Lisp to C conversion

Charles Root root at topaz.RUTGERS.EDU
Mon Dec 2 11:51:39 AEST 1985

I conjecture that you didn't hear much about Lisp to C conversion
because it isn't often done.  It is fairly common to do research using
a Lisp prototype and then build a second-generation system.  It would
be reasonable for this second-generation system to be in C.  However
the gains there are not due to conversion from Lisp to some other
language, but from using a more highly-tuned implementation.  There is
no reason to think that a simple translation from Lisp to C would gain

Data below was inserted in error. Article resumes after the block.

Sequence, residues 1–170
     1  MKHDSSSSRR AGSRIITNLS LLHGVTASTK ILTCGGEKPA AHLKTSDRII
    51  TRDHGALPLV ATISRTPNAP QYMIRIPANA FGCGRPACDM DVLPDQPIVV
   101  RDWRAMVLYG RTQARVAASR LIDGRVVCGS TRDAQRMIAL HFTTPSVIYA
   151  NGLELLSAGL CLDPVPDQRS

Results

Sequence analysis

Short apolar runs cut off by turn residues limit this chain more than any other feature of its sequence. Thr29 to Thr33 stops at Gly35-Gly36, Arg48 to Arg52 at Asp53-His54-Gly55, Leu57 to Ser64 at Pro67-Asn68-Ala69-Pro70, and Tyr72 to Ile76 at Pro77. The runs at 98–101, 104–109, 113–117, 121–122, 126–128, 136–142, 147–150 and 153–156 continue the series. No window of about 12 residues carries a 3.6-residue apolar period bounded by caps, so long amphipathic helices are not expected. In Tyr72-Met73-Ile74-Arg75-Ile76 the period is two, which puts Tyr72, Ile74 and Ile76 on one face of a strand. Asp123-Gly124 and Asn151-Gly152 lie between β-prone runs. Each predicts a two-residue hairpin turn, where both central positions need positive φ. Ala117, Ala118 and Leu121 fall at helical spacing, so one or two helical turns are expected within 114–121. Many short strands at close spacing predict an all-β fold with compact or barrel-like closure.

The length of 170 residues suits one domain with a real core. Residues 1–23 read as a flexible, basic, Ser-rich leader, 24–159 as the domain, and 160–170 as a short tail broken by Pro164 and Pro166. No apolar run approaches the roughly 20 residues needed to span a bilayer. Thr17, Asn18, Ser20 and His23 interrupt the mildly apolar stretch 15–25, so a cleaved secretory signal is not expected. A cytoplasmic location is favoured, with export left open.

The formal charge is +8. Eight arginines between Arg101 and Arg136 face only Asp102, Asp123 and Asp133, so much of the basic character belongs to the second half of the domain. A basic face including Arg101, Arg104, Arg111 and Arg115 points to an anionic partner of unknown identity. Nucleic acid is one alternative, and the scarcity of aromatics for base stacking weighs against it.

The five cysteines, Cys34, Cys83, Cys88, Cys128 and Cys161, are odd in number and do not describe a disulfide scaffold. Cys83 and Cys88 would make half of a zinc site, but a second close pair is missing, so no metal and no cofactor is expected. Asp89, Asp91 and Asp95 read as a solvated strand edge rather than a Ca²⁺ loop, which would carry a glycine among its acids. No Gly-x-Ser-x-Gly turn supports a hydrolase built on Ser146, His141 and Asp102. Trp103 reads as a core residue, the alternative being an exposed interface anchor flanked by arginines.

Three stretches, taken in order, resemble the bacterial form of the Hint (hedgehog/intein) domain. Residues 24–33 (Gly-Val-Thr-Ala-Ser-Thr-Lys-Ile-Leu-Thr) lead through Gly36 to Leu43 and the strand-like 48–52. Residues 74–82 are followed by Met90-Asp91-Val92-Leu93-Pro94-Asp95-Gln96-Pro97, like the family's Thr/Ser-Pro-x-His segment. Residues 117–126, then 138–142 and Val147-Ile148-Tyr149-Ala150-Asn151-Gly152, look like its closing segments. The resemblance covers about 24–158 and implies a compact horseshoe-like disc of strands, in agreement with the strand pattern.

anything, if the original Lisp program was a sensible one.  Of course
if the original program was ill-suited to Lisp (e.g. floating point
array computations in a dialect of Lisp that doesn't do a good job
with this), then a translation might make sense.  The quality of
existing Lisp compilers seems about as good as existing C compilers.
Indeed the most widespread Lisp system that I know of (Utah's Portable
Standard Lisp) does more optimization than the most widespread C
system that I know of (various versions of PCC and Berkeley's
compilers).  The main limitation in the Lisp compilers I know about is
in dealing with heavy numerical computing.  This is not because the
compilers are stupid, but because of Lisp's nature as a typeless
language.  (Of course there are implementations that allow type

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